After a fairly early night…easy to do after a few of those apple cocktails! We were up and ready to go for today’s adventure, and boy is it a big one! The Giza Plateau!
This is, of course why we all come to Egypt. The pyramids, the Sphinx, how often do you actually get to touch one of the Great Wonders of the World? After a short bus ride, we made our way up towards the Great Pyramid of Khufu, the largest and oldest of the three. As you get closer, you can finally see how massive this structure is, and how imposing it must have looked fully encased in bright white limestone.
The casing stones have all fallen off this one, but some are still visible at the base of the pyramid. There is a small portion that visitors are allowed to climb…see that black spot? No, not that one, the one under it? Visitors can climb up to that one for pictures. It may look like you’ve barely even climbed, but trust when I say that pictures cannot convey the sheer size of these things!
Of course you cannot go inside the great pyramid. There is plenty of security around to make sure that no one climbs anywhere that they are not supposed to be. But still it is almost surreal to be there, actually standing on the Great Pyramid.
But, the Great Pyramid is not the only thing worth seeing on the Giza Plateau, far from it. We headed around the side of the Great Pyramid to head towards the Giza Solar Boat Museum, where Khufu’s fully intact vessel from 2500 BC is being preserved.
On our way to the museum, we were able to stop and see a group of burial chambers thought to be for the pyramid builders/workers. As these tombs are long emptied, some were open for us to climb down.
Then we could climb down the ladder into the burial chamber.
From our group of 16, six of us climbed down, and for the most part, that is all that would fit in the chamber.
We then, of course had to climb back up the ladder, then the ramp back to the top. Its strange to say that the fresh air was a welcome change when that air is 103 degrees, but being underground, surrounded by all that stone was kind of like being in a kiln.
Next up was the Solar Boat museum. We all had to wear shoe coverings in order to not track the sand/dust from outside into the exhibit.
This museum is specially designed to preserve the cedar used to make the boat, and it was built just a few meters from where the boat was originally excavated. It had to be, the boat was in over 1200 pieces! It was designed for the afterlife, and while it is regularly identified as the best preserved vessel of antiquity, it was never meant for sailing on the water, only the Duat.
See all those windows? When the sun is shining on that side, it is HOT! Once again, it actually felt good to get back outside into the regular heat.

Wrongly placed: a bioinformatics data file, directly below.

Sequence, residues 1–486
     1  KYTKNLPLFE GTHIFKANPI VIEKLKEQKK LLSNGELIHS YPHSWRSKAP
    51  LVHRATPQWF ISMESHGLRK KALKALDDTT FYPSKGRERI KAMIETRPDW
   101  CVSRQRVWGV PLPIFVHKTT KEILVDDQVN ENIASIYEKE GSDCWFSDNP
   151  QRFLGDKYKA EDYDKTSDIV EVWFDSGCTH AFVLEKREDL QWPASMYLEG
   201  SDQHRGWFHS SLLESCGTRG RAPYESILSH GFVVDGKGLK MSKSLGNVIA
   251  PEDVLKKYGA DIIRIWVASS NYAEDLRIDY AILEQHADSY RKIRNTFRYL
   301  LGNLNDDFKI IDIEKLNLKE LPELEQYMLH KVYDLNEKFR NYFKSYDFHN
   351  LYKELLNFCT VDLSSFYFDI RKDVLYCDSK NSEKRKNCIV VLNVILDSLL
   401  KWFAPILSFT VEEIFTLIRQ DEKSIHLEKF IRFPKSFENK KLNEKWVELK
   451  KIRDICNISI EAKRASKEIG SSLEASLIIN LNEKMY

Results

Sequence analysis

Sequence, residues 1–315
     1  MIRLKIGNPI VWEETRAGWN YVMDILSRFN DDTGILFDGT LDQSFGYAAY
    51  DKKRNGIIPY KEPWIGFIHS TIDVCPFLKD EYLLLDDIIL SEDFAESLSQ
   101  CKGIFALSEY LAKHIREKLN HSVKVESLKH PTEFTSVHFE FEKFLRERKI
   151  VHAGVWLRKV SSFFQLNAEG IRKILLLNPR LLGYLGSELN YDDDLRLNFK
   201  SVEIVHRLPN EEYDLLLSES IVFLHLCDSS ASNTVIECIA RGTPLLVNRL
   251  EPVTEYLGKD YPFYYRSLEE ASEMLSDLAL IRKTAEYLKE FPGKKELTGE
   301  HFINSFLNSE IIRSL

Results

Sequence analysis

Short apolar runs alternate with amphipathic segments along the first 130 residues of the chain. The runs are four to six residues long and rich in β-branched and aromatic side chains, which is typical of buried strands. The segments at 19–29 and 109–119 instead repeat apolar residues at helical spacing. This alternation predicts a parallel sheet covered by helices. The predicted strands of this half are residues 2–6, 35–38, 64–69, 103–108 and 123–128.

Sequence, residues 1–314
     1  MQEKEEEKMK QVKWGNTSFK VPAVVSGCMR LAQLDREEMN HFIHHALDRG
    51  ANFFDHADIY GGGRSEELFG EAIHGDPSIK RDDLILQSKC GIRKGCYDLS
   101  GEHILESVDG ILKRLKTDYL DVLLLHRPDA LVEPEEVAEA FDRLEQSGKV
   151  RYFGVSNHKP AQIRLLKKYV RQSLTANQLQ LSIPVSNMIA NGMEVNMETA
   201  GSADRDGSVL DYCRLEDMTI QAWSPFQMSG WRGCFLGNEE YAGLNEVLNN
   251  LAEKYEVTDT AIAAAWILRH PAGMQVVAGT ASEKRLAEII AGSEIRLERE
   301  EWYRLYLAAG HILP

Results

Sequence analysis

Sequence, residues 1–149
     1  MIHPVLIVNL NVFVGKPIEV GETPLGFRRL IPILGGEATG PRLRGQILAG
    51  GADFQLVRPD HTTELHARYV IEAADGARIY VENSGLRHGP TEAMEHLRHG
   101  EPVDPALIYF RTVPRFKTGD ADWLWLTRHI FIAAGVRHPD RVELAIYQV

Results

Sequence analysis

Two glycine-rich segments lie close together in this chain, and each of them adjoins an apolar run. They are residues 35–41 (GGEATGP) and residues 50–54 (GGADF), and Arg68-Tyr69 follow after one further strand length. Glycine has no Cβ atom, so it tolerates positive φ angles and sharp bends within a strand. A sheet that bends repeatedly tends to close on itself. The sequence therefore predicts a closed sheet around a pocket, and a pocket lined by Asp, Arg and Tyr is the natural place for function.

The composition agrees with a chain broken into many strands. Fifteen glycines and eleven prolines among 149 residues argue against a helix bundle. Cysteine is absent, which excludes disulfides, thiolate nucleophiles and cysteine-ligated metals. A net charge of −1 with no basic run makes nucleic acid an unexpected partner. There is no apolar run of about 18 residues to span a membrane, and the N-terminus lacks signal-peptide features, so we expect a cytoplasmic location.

After the museum, it was time to hop back on the bus for our next stop. I had left cooling towels on the bus and boy were they a hit! Here’s a travel tip…at night, after you wash out your cooling towels, put them in the hotel fridge, it makes them super cold when you are ready to use them…In Egypt, they were a godsend.
Our next stop was around the other side of the Giza Plateau for the quintessential photo opportunity in Cairo.
We were then each paired up with a camel and taken on a ride around the Plateau. Stopping of course for the obligatory photos.
Another quick Egypt travel tip: Those handlers will always ask for a tip, even though our tips were prepaid by the tour company. Mohamad warned us ahead of time that they would still ask and so not to feel guilty saying “no.” If you want to give a little something extra, set it aside in your pocket with nothing else. That way, you are not pulling out a bunch of bills and you will have no problem telling your camel guide that its all you have. They will ask for more, it just happens. But if you don’t have to rummage through your wallet, it is easy to stick to your pre-set amount.
Our next stop was another quick bus ride away. The Sphinx. Another iconic site on the Giza Plateau
There are many, many theories about the Sphinx. From when it was built, to why and by whom. While we have tests to measure the when, the rest is still somewhat up for debate.
Most accepted theories date the Sphinx back to 2500 BC, built for the Pharoh Khafre.
Can you believe its only just lunchtime? We drove to a restaurant in a new “planned community,” New Giza. The restaurant, Andrea NewGiza, is a bit of a drive away from Cairo, but the views were spectacular. The food was pretty awesome too…TRY THAT CHICKEN!
After lunch, it was back to the hotel to pack up and prepare for our VERY early flight to Luxor in the morning. We had dinner at a nearby restaurant on a boat in the Nile, called The Blue Nile Boat. It’s pretty cool to see and the food was darn good.
I also tried to get a sneaky picture of our security guy, because he was really cute, but they all turned out blurry…must be for security purposes. But it is probably for the best. Still, he was super nice and unobtrusive. And cute.
In the morning, we have to be on the bus to the airport by 3:45am!!! We are flying to Luxor for the next stop in our journey. We will be back to Cairo at the end of the trip for one night before flying home. There is so much more to see in Cairo, but I absolutely loved my little taste. I would definitely come back for another visit.